From time to time, I like to put together a random scene, and make something out of it. Similar to how someone might scribble on paper and create an awesome drawing out of it, I do the same, but just digitally. Not to mention that it gives me the opportunity to experiment a bit. Sometimes a lot. This particular “doodle”, as I have called it, was like being in an empty room. I already had a lot of objects I modelled from scratch to hand. So it was just a case of picking and choosing, akin to arranging furniture in a space. To put this scene together probably took only 10 minutes. More time was spent on small tweaks, like the books, and the rug. It turned pretty awesome to be fair. There’s something of a retro style to the image with a splash of modern from the pictures on the wall.
As always, I aim for CG realism, so almost everything in the space can be bought; the Karlsson Pictogram clock, the Ligne Roset Sala Chair, Accademia Agra Side Table, various Taschen books (which I actually own, and then scanned, and then textured onto the book models), and the Domus Pit table lamp.
Some post-pro; tonemapping, some high-pass sharpening, and slight change to colour balance.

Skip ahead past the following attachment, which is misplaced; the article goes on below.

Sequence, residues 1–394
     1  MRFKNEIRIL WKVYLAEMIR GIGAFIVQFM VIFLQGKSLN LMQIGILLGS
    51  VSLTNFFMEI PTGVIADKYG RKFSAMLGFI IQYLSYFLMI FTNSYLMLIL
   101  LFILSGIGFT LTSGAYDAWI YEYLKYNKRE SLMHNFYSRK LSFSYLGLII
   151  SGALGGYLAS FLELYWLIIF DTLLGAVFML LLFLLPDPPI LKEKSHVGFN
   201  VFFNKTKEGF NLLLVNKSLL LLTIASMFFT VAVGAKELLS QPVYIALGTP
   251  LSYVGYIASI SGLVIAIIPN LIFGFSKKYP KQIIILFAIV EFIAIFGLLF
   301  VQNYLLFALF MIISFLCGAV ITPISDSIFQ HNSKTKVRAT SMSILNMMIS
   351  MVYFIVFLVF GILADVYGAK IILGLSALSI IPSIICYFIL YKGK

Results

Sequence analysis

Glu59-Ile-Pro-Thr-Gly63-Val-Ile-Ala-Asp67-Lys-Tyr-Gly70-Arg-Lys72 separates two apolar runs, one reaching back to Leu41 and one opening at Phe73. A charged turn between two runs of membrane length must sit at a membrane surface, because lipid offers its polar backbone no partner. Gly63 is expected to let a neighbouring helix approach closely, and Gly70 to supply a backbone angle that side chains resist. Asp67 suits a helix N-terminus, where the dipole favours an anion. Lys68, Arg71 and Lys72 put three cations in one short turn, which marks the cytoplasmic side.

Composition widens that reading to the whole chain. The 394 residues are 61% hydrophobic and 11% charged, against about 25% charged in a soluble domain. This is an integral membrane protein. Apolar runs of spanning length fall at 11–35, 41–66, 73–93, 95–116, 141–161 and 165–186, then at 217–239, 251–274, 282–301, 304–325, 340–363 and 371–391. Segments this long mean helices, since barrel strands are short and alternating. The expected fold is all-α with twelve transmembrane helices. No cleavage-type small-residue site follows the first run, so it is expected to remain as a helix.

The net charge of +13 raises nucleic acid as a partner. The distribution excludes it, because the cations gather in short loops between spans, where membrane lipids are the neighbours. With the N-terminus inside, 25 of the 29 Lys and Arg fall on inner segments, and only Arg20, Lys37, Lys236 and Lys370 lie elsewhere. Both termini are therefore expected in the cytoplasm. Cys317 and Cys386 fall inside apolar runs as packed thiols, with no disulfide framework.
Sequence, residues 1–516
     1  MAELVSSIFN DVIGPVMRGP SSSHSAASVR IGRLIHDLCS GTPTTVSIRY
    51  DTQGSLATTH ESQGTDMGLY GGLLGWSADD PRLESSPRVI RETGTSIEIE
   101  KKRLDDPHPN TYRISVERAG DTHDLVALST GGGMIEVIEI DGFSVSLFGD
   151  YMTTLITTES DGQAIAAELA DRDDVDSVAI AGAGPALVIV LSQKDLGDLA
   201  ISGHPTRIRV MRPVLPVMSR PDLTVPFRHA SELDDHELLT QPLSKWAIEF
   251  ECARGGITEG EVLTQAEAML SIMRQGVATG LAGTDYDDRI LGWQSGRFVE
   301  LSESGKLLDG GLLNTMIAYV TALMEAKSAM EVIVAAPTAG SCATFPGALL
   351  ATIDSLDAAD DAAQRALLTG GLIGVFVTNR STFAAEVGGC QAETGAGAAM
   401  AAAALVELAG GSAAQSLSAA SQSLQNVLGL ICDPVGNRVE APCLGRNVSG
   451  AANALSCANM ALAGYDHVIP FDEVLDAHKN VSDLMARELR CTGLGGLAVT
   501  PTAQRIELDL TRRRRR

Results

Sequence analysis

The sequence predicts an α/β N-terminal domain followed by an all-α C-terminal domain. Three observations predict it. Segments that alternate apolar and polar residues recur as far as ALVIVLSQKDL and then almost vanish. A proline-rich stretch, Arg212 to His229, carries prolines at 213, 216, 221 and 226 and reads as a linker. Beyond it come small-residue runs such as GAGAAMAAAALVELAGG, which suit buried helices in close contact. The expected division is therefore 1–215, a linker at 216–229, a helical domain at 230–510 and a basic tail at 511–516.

I don’t normally like uploading full-resolution images because I would like to think that I, the “artist” in this instance, should have some level of exclusivity over the image. But this one deserves it. Might do a few more soon.
I am taking something of a different approach to this project, and building up the interior before assessing its context within landscape. Not intended to be the centre of attention, but the WC needed some design intent. All parts of the structure, interior and exterior, are to have the same visual treatment — cold, harsh, brutal. Flush surfaces, all correlating on the same plane.
Challenging, but totally worthwhile. Part of my ever-growing asset library were a set of chairs to be used in current and future interior visualisations. Key to these were edge flow, and flexibility, so that I could go back and edit them if I wanted (and most probably will, picky as I am.). These turned out well. Also helps to understand the construction of such beautiful items in addition. Always helpful. Once again, modelled in 3dsMax, and rendered in Indigo.
The Elk Coat Stand, currently manufactured coat rack. Produced by Hive Space.